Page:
New State Police commissioner hopes to diversify the ranks

HARRISBURG, Pa. (WHTM) – Colonel Tyree Blocker says it slowly, directly and with great passion in his voice.

“I care deeply for the Pennsylvania State Police,” Blocker said with special emphasis on the word deeply.

Blocker’s love of the institution is obvious. He spent 30 of his 62 years in the ranks of the State Police, so he’s an insider who’s been on the outside for a decade.

Blocker retired from the force ten years ago, but he’s back. And this time, he’s the boss.

The acting police commissioner is reluctant to give specifics on exactly what he intends to do with the PSP. He’s still observing.

“There’s a standard of excellence that we expect from all troopers,” Blocker said during a recent interview.

He obviously has personal standards. He’s a former football star and still very fit.

In 1970, Blocker was an all-Catholic-League runner at Philadelphia’s Roman Catholic High School. He shared that honor that year with John Cappelletti, who went on to become Penn State’s only Heisman Trophy winner.

Blocker got a scholarship to play at Holy Cross. Upon graduation, he became a state policeman, just as the PSP was integrating.

Diversifying its ranks will be one of Blocker’s top jobs and one of the reasons he was selected by Governor Tom Wolf.

“It’s certainly something that’s important to the governor, and it’s important that the State Police reflect the diversity of Pennsylvania,” Wolf spokesman Jeff Sheridan said.

There are 4,322 troopers. Only 258, or 6 percent, of those troopers are minorities. Only 144, or 3 percent, are black.

“We have work to do in that area,” Blocker said matter-of-factly.

It won’t be easy because the PSP has aggressively tried to increase minority enrollment in recent years. The results have been mixed despite intense outreach.

Blocker hopes that young people of color will see him as a role model and join the ranks.

“I fully expect that to happen. I think the Pennsylvania State Police has a great story that isn’t told frequently enough,” he said.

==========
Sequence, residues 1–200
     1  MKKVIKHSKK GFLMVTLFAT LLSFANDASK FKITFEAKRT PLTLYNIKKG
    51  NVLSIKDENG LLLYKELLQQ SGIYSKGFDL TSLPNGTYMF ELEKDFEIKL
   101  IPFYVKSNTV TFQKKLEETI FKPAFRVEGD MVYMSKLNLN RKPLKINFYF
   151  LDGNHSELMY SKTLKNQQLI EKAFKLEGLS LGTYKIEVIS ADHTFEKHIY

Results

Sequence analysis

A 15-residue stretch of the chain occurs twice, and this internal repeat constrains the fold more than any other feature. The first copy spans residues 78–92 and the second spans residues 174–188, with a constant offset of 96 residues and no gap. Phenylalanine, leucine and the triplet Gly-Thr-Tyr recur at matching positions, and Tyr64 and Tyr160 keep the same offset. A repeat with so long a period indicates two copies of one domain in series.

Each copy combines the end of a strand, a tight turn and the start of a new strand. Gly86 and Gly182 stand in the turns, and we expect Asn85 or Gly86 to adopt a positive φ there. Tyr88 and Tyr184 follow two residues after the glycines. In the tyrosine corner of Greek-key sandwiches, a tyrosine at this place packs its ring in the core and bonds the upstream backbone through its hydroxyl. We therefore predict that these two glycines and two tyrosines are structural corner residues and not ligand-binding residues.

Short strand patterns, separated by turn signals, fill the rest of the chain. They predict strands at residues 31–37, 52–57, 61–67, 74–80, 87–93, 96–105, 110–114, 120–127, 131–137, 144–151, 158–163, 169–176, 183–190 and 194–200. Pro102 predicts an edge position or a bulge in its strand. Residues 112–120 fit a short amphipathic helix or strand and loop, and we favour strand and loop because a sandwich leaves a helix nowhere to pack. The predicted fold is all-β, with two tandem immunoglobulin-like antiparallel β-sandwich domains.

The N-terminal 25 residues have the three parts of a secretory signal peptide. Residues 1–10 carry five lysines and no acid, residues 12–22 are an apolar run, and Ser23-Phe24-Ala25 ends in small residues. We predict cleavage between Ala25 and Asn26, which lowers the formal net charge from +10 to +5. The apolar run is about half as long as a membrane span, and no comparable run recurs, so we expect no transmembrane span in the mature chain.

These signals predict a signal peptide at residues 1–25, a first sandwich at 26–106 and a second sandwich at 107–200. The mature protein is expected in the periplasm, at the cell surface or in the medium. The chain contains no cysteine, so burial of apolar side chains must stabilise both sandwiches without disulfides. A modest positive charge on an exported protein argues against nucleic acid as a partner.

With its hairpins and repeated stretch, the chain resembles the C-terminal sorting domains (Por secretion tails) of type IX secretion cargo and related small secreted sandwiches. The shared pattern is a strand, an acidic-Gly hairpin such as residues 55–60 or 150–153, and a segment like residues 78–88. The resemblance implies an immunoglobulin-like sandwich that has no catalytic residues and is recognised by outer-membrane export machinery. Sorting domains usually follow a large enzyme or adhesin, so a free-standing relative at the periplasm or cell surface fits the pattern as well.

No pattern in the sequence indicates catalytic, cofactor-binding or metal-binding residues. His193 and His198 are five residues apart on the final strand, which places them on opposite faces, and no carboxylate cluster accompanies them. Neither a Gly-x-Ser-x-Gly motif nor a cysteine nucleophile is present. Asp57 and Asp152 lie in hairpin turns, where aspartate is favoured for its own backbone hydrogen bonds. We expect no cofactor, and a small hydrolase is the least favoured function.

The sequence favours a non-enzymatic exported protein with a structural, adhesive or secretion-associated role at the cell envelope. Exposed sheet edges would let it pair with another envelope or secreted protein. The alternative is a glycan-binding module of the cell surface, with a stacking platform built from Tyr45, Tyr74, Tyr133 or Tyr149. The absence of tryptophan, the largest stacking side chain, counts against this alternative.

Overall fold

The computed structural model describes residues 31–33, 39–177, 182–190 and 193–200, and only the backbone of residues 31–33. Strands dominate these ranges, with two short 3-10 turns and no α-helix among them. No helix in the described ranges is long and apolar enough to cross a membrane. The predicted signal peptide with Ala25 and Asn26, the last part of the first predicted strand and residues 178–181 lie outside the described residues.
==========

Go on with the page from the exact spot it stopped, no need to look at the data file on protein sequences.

He’s enthusiastic, but not naive. He is an African-American from Philadelphia and he understands the mistrust between minorities and law enforcement in urban areas that have erupted into violence across the country recently.

“As human beings we’re products of our environment,” Blocker said. “The great equalizer there is training, is education. That’s what we plan to do in moving the Pennsylvania State Police forward.

Blocker says training troopers to use their brains is more important than training them to use their guns. He strongly believes that proper training in 21st century policing will keep his force from the pitfalls that have befallen other law enforcement agencies.

“We’re in the people business,” Blocker said. “We have to be able to communicate and communicate effectively.”

Blocker was chosen after Wolf’s first pick, Marcus Brown, failed to earn Senate confirmation. Brown was rejected, in part, because he insisted on wearing the uniform of the State Police even though he never graduated from the PSP academy.

Blocker wore a suit for our sit-down interview.

“It will depend on the day,” Blocker said of his fashion choice. “I have no problems wearing the uniform of the Pennsylvania State Police. I wore it proudly for 30 years and when and where appropriate I will once again proudly wear the uniform of the Pennsylvania State Police.”

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